The Myth of Progress: Planned Obsolescence, Anti-Art, and the Violence of Linear Time


Happy New Year Think Olio Style

Each of these Mini-Olios will be 20 minutes long with time for a short Q&A in between.


Dada is Anti-Dada
Professor Hallie Scott
Dada emerged in Zurich in 1916 as a reaction to the catastrophic violence of World War I, the blind futurism of the artistic movements that preceded the war, and the false notions of progress that governed both. “What we are celebrating is both buffoonery and a requiem mass,” poet-artist Hugo Ball said of the Dada events that he and other artists, writers, and filmmakers organized in rejection of modern society. These events, and the Dada disgust that they manifested, reveal the horrors and absurdities of progress.


Consumer Society Made Easy
Professor Ward Regan
The rise of industrial society and its new and distinctive form of mass production created the corollary need for mass consumption. They are two sides of the same economic coin.  One of the main questions economists have pursued is understanding the dynamic between supply and demand in pursuit of some perfectly balanced free market. So ten thousand years of human development have at last produced the combination bagel toaster & egg poacher (take that, Angkor Wat and Sphinx!)  The final victory of planned obsolescence?


Our Most Violent Fantasy
Professor Jamie Warren
In recent years, some conservative and neoliberal academics have touted the idea that human societies are evolving toward a less violent state. Progress, such scholars claim, is an inherent quality of our species, and history moves in one direction. But what if the notion of progress itself is in fact our most enduring fuel for violence? Let us look closely at the myth of historical progress and ask ourselves just how we came to believe that the past exists in service to the future.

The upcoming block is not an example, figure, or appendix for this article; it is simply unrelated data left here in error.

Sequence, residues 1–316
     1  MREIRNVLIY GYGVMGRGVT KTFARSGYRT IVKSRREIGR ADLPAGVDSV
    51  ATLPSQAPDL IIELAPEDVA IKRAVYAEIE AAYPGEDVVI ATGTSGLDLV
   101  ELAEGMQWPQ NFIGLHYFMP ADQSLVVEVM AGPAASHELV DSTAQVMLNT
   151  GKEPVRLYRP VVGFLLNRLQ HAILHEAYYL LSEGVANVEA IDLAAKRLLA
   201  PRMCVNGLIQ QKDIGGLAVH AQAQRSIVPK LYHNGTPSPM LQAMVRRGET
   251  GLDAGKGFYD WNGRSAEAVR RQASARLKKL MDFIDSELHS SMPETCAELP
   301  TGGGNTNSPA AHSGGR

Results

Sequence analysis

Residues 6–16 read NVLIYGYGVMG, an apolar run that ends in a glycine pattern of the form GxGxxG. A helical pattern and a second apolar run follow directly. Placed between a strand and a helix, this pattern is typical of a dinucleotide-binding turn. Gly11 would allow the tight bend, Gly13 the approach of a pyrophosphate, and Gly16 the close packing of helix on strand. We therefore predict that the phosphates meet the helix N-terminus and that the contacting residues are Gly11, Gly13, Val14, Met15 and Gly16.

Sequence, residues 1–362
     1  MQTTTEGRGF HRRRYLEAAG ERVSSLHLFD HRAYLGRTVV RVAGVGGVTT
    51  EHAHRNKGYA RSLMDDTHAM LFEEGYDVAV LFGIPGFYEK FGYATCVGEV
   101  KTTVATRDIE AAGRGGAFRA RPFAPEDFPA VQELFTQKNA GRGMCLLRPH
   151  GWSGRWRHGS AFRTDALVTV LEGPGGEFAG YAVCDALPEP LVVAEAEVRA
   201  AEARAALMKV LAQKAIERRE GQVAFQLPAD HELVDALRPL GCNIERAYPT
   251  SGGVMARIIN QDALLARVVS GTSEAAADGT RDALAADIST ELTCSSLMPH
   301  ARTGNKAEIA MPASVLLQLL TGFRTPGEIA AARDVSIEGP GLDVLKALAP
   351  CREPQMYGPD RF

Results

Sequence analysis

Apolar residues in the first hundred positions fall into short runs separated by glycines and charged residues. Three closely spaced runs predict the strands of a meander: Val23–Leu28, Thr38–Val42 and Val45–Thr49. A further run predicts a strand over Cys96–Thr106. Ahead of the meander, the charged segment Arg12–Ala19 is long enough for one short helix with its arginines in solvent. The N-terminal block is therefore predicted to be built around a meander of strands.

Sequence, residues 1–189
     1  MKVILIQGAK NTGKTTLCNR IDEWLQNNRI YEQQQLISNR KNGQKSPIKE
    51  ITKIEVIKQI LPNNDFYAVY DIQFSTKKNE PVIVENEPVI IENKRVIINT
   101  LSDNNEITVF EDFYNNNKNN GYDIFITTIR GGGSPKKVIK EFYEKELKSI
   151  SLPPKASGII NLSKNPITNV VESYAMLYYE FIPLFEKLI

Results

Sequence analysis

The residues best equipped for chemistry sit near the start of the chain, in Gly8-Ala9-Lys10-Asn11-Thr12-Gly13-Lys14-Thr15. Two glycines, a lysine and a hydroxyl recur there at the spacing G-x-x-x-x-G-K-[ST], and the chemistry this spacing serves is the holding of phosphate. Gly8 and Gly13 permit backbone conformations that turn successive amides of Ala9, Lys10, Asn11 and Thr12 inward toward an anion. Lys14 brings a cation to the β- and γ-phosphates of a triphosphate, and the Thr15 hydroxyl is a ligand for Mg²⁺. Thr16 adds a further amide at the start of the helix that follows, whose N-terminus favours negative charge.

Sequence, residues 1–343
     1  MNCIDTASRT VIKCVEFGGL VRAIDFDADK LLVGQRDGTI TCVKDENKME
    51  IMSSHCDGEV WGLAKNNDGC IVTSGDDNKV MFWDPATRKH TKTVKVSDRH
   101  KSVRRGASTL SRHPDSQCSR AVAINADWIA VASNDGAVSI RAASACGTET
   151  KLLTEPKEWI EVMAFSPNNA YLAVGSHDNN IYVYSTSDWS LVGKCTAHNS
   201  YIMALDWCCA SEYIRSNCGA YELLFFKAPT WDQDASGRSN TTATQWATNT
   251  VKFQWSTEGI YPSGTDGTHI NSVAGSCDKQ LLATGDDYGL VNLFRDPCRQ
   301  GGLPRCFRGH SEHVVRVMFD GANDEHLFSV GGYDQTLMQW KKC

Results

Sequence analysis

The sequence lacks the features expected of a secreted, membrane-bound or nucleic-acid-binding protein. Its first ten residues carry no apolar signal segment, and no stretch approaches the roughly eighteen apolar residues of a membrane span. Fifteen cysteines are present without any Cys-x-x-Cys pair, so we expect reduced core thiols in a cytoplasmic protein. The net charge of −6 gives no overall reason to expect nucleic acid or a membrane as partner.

Location: Berg'n

899 Bergen St, Brooklyn, NY 11238

Hip, late-night beer hall featuring microbrews & food vendors in a spacious, industrial-chic venue. Classes will be held in the private room.




Interdisciplinary Learning with the Best Professors


Think Olio is not about learning a new skill or adding credentials to your resume. It is about getting together with other people and expanding our worldview. It exists as a conduit for fruitful discussions, a dissent from the regurgitation of facts, and an embrace of new perspectives.


Learn about joining the Scenius for $10 / month



Other upcoming Olios


Feb 22

The Circular Road: Art and the Religious Imagination

Taught by Michael Prettyman
7 p.m. at Strand Bookstore

Sign Up - $20

Feb 25

What Would Buffy Do? Radical Feminism and the Slayer

Taught by Jamie Warren
7:30 p.m. at Neuehouse Madison Sq.

Sign Up - $20

Feb 28

Into the Mystic: Music & the Moving Image

Taught by Whitney George
7:30 p.m. at Blender Workspace

Sign Up - $20

Mar 6

The 2nd Amendment Explained

Taught by Lawrence Cappello
7:30 p.m. at Berg'n

Sign Up - $15

Mar 13

Philosophy Club | Can We Say Everything?

Taught by Jeanne Proust
7:30 p.m. at Living Room

Sign Up - $15

Mar 15

Rethinking Refugee Trauma and Mental Health

Taught by Kim Nguyen
7:30 p.m. at Living Room

Sign Up - $15

Mar 16

OlioHouse | Willpower and the Right to Be Lazy

Taught by Jeanne Proust
noon at OlioHouse | Wassaic, NY

Sign Up - $150

Mar 20

Reimagining the Carceral State: Art, Imagination, and an Abolitionist Future

Taught by Marissa Gutierrez-Vicario
7:30 p.m. at Living Room

Sign Up - $15

Mar 23

Mar 27

Urban Development: From Reconstruction to Gentrification

Taught by Lauren Hudson
7:30 p.m. at Berg'n

Sign Up - $15

Mar 28

Catfishing: The Artist as Trickster in Factual Fictions

Taught by Ted Barrow
7:30 p.m. at Blender Workspace

Sign Up - $20

May 29

Composing Beauty: Mapplethorpe’s Quest for Perfection

Taught by Jeanne Proust
7 p.m. at BAM Fisher

Sign Up - $20


Find out when we launch new classes!